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For Your Garden - July 2012

Have you been meaning to add a few native plants to your garden? Now is the perfect time. Native plants provide beauty as well as food and shelter for wildlife. Native species are adapted to the Illinois climate. They require little or no watering and are resistant to drought, insects and most diseases. Because they are perennials, you can welcome their presence year after year.

hoary puccoon (Lithospermum canescens)
Photo © River Valley Photographic Resources, Ltd.

Hoary puccoon is a member of the Forget-Me-Not Family of plants, noted for their one-sided coil of flowers that unrolls and expands as the plant grows. Flowers develop in a cluster at the stem tip with each flower about one-half inch in diameter. Each flower has five flat lobes that extend from a tube. The flowers are orange or yellow and blooming occurs in late spring and early summer. The dark green leaves are arranged alternately on the stem. The plant may grow to 20 inches tall. Hoary puccoon grows in dry soil, including dry prairies, along roads and in open woods. It grows well in rocky soil.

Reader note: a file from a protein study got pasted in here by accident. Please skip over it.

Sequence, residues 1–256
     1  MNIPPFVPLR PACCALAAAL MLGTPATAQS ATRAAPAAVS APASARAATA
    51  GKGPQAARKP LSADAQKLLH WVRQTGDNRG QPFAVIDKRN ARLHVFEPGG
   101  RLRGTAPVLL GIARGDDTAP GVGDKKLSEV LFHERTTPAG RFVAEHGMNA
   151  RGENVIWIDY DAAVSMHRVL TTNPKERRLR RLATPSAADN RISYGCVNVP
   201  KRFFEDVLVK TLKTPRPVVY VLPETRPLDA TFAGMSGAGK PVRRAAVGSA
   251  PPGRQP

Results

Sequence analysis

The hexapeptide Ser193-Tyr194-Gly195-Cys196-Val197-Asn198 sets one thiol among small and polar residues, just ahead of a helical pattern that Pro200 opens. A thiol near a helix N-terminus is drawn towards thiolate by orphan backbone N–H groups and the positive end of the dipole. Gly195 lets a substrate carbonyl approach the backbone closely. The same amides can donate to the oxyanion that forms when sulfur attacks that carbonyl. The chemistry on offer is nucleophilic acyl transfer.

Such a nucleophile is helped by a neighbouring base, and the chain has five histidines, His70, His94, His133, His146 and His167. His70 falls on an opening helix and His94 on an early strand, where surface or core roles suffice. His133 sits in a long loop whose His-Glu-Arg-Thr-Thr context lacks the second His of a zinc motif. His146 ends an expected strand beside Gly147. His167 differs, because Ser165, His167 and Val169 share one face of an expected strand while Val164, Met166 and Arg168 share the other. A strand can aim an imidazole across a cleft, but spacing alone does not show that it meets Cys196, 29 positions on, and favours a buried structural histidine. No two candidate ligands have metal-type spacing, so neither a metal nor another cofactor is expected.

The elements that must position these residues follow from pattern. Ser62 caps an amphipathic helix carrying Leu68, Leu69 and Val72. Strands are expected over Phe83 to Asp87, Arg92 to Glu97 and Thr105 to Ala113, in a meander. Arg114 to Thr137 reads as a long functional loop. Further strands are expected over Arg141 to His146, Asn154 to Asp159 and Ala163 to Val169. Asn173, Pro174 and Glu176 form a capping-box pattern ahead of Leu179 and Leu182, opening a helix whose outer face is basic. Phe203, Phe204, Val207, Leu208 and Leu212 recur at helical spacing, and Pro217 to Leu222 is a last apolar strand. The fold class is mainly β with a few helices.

Classification and taxonomy are based on Mohlenbrock, Robert H. 2014. Vascular flora of Illinois: A field guide. Fourth edition. Southern Illinois University Press, Carbondale. 536 pp.

Illinois Range

Native Plant Information

For more information about Illinois native plants, visit our Native Habitat Descriptions, Requirements, and Plant Lists page. The following publications are available from the IDNR on our publications page.


​Kingdom: Plantae
Phylum: Magnoliophyta
Class: Magnoliopsida
Order: Lamiales
Family: Boraginaceae

Illinois Status: common, native